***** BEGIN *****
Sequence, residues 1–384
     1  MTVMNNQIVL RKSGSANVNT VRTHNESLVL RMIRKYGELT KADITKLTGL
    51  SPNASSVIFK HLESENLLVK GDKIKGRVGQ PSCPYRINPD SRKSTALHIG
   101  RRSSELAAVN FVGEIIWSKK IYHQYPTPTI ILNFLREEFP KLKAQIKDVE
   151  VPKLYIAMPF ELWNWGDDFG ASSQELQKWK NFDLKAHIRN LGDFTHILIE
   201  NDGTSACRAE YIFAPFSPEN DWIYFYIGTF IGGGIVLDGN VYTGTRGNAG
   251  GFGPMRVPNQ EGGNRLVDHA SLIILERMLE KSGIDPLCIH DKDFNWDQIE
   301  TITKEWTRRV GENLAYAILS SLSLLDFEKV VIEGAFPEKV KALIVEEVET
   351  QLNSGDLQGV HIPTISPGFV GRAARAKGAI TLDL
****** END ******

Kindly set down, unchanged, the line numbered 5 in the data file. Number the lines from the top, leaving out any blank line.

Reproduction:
   151  VPKLYIAMPF ELWNWGDDFG ASSQELQKWK NFDLKAHIRN LGDFTHILIE